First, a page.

Maize, plenty of that today, although the recent flash flooding hasn't helped.
Our tour along the Blue River- I never saw it unless it was the creek we followed, delivered us into Pekin, sometimes known as Old Pekin. We were greeted with a rough-n-tumble kinda rural town. The Sunoco provided snacks and drinks, but also a myriad of, well, rednecks, of all sort. They were pleasant enough, but living in a near-hippie enclave and teaching reasonably middle and upper-middle class sorts separates me from these kind of folk I used to teach in Trimble Co. I made the comment that I understood why there was a New Pekin just up the road. Not nice, but the truth hurts sometimes. I hope escalating globalization and State and Federal education and economic efforts bless these folks with future reward.
Gene's right on the track. I failed to get a good pic of a big pipe coming out of the side of this building, one used to refuel the train with water and/or coal from back in the old days.
Nice bridge on E.Main St. in Old Pekin
Church steeple may or may not be visible in the distance
After Pekin, and a steep set of short climbs to get us to appropriate altitude, we were blessed with amazing expanses high above the knobs. Who knew? It was truly beautiful country and worth the 40m we had ridden to arrive there. Shortly thereafter we happened upon a couple cultural touchstones of Southern Indiana: Stumler's, Huber's and St. John's the Baptist Church. Concerning the latter, with the quantity of Virgin Mary statues we saw in Starlight I would say that the parish is doing a pretty good job getting the word out. The former- and middle?- are both popular family-run orchards and restaurants. Huber is big enough that it has a bit of everything, including wine. The ride through Starlight where these are based was just heaven, with blue skies, cooling tailwinds, sunshine and no traffic to speak of.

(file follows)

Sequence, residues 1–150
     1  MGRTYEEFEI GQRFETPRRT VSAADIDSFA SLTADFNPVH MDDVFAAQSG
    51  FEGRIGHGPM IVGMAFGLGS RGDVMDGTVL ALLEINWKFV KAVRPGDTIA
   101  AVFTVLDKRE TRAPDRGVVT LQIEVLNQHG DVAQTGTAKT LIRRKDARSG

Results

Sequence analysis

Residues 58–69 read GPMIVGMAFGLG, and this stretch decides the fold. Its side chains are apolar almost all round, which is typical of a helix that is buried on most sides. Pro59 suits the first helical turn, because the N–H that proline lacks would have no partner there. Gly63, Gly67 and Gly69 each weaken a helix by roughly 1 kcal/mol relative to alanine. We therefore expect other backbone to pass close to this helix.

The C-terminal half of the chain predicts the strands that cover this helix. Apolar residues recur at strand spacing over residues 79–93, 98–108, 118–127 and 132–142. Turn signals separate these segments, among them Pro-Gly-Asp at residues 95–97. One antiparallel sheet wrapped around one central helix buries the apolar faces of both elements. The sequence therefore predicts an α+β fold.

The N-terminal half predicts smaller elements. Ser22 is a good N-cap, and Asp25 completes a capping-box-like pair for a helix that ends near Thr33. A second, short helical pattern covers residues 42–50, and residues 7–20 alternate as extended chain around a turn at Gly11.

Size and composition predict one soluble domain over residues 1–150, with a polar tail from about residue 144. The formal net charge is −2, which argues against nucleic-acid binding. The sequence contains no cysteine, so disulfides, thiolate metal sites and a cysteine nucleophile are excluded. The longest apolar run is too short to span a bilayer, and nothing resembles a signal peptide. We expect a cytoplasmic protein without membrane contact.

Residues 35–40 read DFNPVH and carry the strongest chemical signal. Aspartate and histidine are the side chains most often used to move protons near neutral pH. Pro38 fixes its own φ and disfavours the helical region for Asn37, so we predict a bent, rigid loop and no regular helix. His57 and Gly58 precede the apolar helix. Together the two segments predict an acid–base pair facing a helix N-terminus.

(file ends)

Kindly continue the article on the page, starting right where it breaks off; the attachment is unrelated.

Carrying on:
Our last leg involved getting down off this plateau and into the valley where Sellersberg resides. This is where the brief plot thickens. We came upon the following descent
Top of Dug Knob
Dub Knob Rd. falls off the plateau, so we fell too. Not smartly, I took the lead. Dave had been descending all day much better than I, but I divebombed the hill, zooming through the first sweeping curves. Approaching the 3rd one, a steep switchback, I realized I was going too fast. I felt the back wheel skid and I just sorta freaked. I understood based on speed that I was going to cut across the switchback, and my good grace would not find a car coming up the hill. Alas. At that point, the SUV ascending looked like it was going to hit me or I was going to hit it in the side. Somehow, whether he sped up or slowed down, I got around him, and I slowed into the gravel on the side. No harm, no foul. No tarmac, no blood, no boo-boos. Just alot of frustration for being irresponsible- STUPID- and loosing control like that. It happens, but I'm still frustrated with myself; I could've negotiated the descent much better and not created such drama. And thanks to that driver. Whether he/she really did anything, he/she didn't hit me, and that's good.
From there we rolled down St. Joe's Rd., different Catholic church, and into Sellersberg, capping off a 61-miler that I'll put right now into my top-5 list of favorite rides. It was just fabulous. Hope everybody hit the road today.